- Loss for 2016 almost wiped out amid 30% gain in Brent crude
- Bonds advance, pushing yields to lowest since October 2014
Russia’s ruble rose the most in emerging markets as a surge in the price of oil nearly erased the currency’s losses for 2016.
The ruble advanced 1.7 percent to 73.92 per dollar by 4 p.m. in Moscow, the highest since Jan. 5 on closing basis, and paring the decline this year to 0.8 percent. Crude rose 2.6 percent in London to $36.89 per barrel on Tuesday. Government bonds rose for a fifth day, cutting the yield on five-year notes 12 basis points to 9.62 percent, the lowest since Oct. 2014.
Brent crude, used to price Russia’s main export blend, has gained more than 30 percent since reaching a record low on Jan. 20, helping make the currency the best-performer among 24 emerging-market currencies tracked by Bloomberg since Jan. 21. Negotiations between Russia and Saudi Arabia to freeze output have helped stabilize the market, Sberbank CIB said.
"While there’s skepticism over the relevance of the recent agreement between major oil producers to freeze output, it has provided a foundation from which both oil prices and the ruble have built," Tom Levinson, chief strategist for foreign currency and interest rates at Sberbank CIB in Moscow, said by e-mail.
The ruble has remained closely linked to fluctuations in the price of oil, with the correlation to crude at 0.83 on Monday, close to a record high of 0.86 set in October. Sberbank CIB sees the ruble climbing to 68 against the dollar by the end of the second quarter if oil is "comfortably above" $40, Levinson said. Brent at $30 results in a ruble forecast of 80 per dollar.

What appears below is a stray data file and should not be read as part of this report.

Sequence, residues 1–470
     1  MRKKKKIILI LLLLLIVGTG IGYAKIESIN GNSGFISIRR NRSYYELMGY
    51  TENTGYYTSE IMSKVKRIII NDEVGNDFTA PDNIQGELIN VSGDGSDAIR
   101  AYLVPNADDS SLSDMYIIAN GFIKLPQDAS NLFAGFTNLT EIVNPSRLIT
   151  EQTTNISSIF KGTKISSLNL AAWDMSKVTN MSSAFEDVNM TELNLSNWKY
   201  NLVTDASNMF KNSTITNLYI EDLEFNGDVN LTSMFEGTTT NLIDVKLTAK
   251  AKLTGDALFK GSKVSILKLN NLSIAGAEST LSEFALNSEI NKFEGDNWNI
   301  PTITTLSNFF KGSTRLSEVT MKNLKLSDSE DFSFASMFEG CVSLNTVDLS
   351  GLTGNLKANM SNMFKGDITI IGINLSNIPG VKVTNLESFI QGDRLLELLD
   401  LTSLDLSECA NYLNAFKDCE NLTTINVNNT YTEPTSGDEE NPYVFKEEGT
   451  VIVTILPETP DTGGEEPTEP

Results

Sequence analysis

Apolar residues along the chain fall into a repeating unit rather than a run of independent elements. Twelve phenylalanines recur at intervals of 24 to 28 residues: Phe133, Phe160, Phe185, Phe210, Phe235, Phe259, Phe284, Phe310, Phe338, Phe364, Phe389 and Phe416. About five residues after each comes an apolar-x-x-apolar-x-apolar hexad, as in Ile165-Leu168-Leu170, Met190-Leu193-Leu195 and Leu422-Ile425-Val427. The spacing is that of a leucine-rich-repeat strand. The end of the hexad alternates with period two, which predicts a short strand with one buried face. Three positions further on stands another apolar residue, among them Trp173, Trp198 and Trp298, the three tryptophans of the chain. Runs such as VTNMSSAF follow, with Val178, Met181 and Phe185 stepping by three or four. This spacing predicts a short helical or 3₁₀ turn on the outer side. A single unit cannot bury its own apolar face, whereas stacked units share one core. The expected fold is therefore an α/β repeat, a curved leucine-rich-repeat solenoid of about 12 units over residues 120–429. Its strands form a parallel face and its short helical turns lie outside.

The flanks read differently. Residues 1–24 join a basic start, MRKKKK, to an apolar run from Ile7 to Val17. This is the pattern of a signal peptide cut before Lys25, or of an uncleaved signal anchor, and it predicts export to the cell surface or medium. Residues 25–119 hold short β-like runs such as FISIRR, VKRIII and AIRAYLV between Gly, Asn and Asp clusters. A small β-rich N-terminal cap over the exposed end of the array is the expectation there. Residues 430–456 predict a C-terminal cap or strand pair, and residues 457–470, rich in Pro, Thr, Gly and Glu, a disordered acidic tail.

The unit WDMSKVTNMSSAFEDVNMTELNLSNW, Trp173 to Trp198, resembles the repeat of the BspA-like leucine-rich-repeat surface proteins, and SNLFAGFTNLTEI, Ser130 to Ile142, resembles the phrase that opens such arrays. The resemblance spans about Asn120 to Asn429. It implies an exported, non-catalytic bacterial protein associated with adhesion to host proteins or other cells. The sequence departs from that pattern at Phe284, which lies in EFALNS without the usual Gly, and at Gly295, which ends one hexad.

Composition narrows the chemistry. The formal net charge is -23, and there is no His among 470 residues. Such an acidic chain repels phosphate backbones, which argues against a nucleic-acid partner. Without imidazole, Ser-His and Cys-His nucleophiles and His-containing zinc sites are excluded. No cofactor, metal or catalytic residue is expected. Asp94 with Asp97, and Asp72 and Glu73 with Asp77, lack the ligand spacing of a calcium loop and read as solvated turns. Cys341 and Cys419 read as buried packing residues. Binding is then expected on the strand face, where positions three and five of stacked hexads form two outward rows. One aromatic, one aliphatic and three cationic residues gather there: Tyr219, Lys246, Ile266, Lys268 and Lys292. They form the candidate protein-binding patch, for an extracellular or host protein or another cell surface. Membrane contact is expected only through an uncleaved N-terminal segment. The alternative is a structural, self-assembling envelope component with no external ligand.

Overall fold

Oil could get a boost from China’s central bank’s decision to cut the reserve requirement ratio by 0.5 percentage points on Monday, freeing up the amount of cash the nation’s banks can lend in an effort to cushion demand. OPEC production declined last month because of weaker output from Iraq, a Bloomberg survey showed.
The yield on five-year notes declined as the recovery in oil coincided with more active fiscal spending.
"Banks are awash with liquidity, and new risk rules made government bonds more appealing than corporate debt," said Dmitry Postolenko, manager of fixed-income portfolios at Kapital Asset Management in Moscow.
The Finance Ministry on Wednesday will offer 20 billion rubles ($271 million) of floating-rate bonds due January 2025 and 15 billion rubles of fixed-coupon bonds due August 2021. It has already raised almost 140 billion rubles since the beginning of the year in sales of ruble debt as part of a budget target for sales of 250 billion rubles in debt during the first quarter.
The Finance Ministry will probably sell out auctions tomorrow, Postolenko said. "If oil starts retreating to $30 per barrel, a correction is possible. But so far the global conditions are positive."
The Micex Index of stocks rose 0.4 percent to to 1,846.